Wednesday, August 10, 2016

Fifty Shades of Rejection

Yesterday, I received a form rejection, an acceptance (yay!) and a good rejection. Only in this business is there such a thing as a good rejection and a bad rejection.

Now, what is a good rejection, you might ask?

A good rejection is the kind where the editors tell you they were close to publishing your piece (so close) but chose not to in the end. Although this may seem like a cruel thing to say, a good rejection usually comes with some suggestions on how to improve your piece, as well as an invitation to re-submit this piece (or another one).

Oftentimes, a bad rejection can also be an open invite to try again, although I have gotten my share of flat "no" responses. [One of my favorites: "Unfortunately this piece is missing the new or surprising element that would qualify it as an “untold” story." I guess honesty is the best policy?]

Also, a nice rejection doesn't necessarily mean anything, either. Usually, it's unlikely that the editor who sent you the nice rejection will be the one to read your piece the next time around. I've gotten sweet rejections full of praise from a magazine, and then re-submitted two or three more times -- only to get a form rejection each time!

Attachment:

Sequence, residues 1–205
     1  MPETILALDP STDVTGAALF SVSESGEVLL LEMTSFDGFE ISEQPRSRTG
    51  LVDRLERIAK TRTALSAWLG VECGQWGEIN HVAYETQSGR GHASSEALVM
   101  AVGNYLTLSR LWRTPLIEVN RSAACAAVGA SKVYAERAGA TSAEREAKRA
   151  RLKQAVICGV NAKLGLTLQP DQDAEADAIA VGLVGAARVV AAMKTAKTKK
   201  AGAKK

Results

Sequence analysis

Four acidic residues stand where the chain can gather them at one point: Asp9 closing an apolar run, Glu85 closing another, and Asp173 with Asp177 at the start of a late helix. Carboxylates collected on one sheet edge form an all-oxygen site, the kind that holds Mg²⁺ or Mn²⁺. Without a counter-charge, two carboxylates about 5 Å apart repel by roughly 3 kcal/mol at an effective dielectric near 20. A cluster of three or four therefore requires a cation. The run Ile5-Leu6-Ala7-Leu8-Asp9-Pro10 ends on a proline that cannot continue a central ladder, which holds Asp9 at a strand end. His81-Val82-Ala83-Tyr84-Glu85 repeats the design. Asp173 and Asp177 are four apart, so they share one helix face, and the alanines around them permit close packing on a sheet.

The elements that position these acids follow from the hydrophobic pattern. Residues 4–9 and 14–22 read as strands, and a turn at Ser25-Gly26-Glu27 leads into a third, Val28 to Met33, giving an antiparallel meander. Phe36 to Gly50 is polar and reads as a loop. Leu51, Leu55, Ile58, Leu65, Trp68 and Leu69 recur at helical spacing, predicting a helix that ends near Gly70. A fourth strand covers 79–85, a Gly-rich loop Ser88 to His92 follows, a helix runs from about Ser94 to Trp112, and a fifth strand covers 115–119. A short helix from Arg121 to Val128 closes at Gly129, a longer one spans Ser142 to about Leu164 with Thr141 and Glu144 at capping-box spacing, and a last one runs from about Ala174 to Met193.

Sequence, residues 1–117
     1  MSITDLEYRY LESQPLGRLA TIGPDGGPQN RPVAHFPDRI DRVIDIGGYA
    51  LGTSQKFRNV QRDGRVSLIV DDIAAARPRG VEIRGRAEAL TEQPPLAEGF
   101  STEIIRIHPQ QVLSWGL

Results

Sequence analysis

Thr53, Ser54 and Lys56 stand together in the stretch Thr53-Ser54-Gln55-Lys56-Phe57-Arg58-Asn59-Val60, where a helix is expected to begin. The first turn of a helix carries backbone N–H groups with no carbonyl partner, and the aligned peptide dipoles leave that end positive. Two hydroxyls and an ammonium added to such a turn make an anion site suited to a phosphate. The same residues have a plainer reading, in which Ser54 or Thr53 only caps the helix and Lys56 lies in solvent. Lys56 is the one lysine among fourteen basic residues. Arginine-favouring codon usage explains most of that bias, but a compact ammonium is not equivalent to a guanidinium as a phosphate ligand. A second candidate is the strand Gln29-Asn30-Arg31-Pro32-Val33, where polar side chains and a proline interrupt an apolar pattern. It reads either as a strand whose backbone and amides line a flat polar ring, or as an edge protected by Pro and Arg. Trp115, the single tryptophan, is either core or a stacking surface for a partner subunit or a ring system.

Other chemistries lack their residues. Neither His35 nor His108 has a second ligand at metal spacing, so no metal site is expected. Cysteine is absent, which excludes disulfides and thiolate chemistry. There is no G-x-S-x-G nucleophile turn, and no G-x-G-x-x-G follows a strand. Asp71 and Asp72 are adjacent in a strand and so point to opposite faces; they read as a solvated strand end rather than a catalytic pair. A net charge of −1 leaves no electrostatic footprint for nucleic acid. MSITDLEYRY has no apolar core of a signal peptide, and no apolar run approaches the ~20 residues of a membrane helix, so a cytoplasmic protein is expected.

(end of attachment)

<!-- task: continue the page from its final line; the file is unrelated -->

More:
The trick is to stay resilient--and organized. Sometimes, I get a good rejection with tips on how to improve an essay, but the message might get buried in my inbox, soon to be forgotten and therefore forfeiting my second chance at a publication with this journal. 

Either way, any rejection--good or bad--is an opportunity to improve. Whether the editors give you feedback or not, rejection is a chance to re-see your piece and polish it up even more. A professor once told me that some of the short stories that appeared in his collection took years--YEARS--to be accepted. And every time he got a rejection, he went back to the drawing board, finding ways to make his story even stronger. 




Publication allows for a dialogue between writers and our audience, and rejection is simply a part of that conversation. Rather than letting rejections steam roll us, let's use them to our advantage!

Happy writing!

PS I've got a new publication in Kudzu House's Summer Solstice Issue! Check it out--it's my first published piece of fiction!